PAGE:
Dan River Coal Ash Spill: Long-Term Impact Unknown
It was a year ago when a stormwater pipe beneath an unlined ash pond broke at a retired Duke Energy plant, releasing more than 39,000 tons of coal ash into the Dan River near Eden, North Carolina.
Jenny Edwards with the Dan River Basin Association remembers when she first saw the spill.
The water had turned black.
“To see the river run that color for so many days was overwhelming, disconcerting and frankly it changed me forever,” says Edwards.
The third largest coal ash spill in U.S. history raised immediate health concerns about drinking water for surrounding communities and the environmental impact. But the final toll of what happened on the Dan could take years to find out.
"Beneath The Surface"
Brian Williams, a scientist with the Dan River Basin Association, stands at the Draper Landing access point--a popular place for fishing and kayaking. The water here is slightly murky and calm, despite the recent winter rains. He pushes a metal pole deep into the river bottom to collect a sample.
“That’s a good core sample right there and you can obviously see the difference just visually. Here are normal sediment samples, you can see the brown and you see pieces of mica and quartz -- and then take a look at this sample right here and what do you see? Mostly coal ash. It’s really compacted, dark gray and black,” says Williams.
That coal ash is filled with toxins like arsenic, lead and selenium. Last summer, Duke Energy completed a cleanup that removed around 4,000 tons of coal ash in areas that were close to drinking water intake sites, including a large one in Danville, Virginia. But around 35,000 tons still remain, diluted and now underneath layers of sediment.
"The River Is Safe"
But Duke Energy says recent studies show the river is recovering and the company is still cleaning. Jeff Brooks says they’re removing coal ash from some of the ponds or basins near the river and are looking for new ways to store the waste to prevent future accidents.
“And that could include beneficial reuse options. It could include excavating and taking it to another landfill or potentially some options near the plant site itself,” says Brooks. “We are doing extensive engineering to determine what the best options are for the remaining ash at all of our sites.”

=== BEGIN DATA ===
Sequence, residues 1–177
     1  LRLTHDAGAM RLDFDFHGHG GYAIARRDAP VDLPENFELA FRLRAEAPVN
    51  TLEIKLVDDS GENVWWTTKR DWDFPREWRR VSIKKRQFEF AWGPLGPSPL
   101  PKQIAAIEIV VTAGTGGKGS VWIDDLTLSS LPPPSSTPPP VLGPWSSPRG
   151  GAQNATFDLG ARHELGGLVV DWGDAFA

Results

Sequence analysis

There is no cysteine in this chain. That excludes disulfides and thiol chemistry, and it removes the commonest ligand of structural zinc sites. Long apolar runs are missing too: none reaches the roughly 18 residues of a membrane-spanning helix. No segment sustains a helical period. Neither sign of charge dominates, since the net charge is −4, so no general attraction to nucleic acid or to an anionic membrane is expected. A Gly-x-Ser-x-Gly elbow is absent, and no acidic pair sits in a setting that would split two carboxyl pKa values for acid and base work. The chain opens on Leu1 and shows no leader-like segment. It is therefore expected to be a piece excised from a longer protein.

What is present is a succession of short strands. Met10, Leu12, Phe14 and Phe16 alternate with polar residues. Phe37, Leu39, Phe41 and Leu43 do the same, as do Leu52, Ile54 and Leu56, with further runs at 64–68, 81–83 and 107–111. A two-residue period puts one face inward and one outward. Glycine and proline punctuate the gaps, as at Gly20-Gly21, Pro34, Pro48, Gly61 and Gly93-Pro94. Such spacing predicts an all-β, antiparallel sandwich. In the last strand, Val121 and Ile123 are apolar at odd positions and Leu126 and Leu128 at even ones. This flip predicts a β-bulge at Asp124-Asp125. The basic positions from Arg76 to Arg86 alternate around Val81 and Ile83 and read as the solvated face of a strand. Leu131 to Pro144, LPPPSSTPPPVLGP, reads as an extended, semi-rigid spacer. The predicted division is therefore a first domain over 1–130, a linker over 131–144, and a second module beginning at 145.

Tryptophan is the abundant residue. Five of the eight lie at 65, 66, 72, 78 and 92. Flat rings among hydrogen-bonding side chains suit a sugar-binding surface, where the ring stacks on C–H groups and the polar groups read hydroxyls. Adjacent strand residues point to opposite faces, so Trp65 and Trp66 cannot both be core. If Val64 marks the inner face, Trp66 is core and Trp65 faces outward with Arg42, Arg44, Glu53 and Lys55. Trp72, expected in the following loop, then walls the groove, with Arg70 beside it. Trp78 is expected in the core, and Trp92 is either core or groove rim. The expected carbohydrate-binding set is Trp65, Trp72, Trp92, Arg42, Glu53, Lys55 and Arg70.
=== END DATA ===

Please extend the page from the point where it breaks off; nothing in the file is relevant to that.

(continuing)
Legislation passed last August gives Duke until 2029 to close all 33 of its North Carolina ponds. They must also remove the ash at four power plants and cap low-risk sites.
Right now, The EPA says the river is safe for recreation and other activities. But more testing is needed. Kenneth Rhame says the agency is conducting quarterly testing through July to monitor the river.
“Based on the analysis in the last two rounds of sampling, we have seen no health risk exceedances or ecological risk exceedances,” says Rhame. “We will keep monitoring, and see what happens with the next two samples. We meet with a technical group once a month to discuss whether or not we should change our sample locations and we will have to wait and see.”
"It's A Waiting Game"
But Frank Holleman with the Southern Environmental Law Center says he’s not sure the river is safe. He’s seen the devastation that coal ash pollution can do across the country and he’s concerned that over time, it could get into the water supply.
“In Wilmington for example, the local water utility is having to abandon groundwater as the source of drinking water for a community there. Individuals have found contaminants in their drinking water wells and in at least one incident in North Carolina, the state has ordered the utility to deliver bottled water to a home,” says Holleman.
Brian Williams with the Dan River Basin Association says it will be a long road ahead before we know all the ways the spill will impact the environment.
“Is it going to affect the mussels and clams that filter out the water? Is it going to affect the fish, the wildlife, the birds, everything that lives along the river? We just don’t know right now. It is a waiting game to see,” says Williams.
In the meantime, his organization is partnering with six universities to do their own independent research. He throws out a metal bucket to dredge more samples from the river’s bottom, which is something he expects to be doing for quite some time.
Follow Keri Brown on Twitter @kerib_news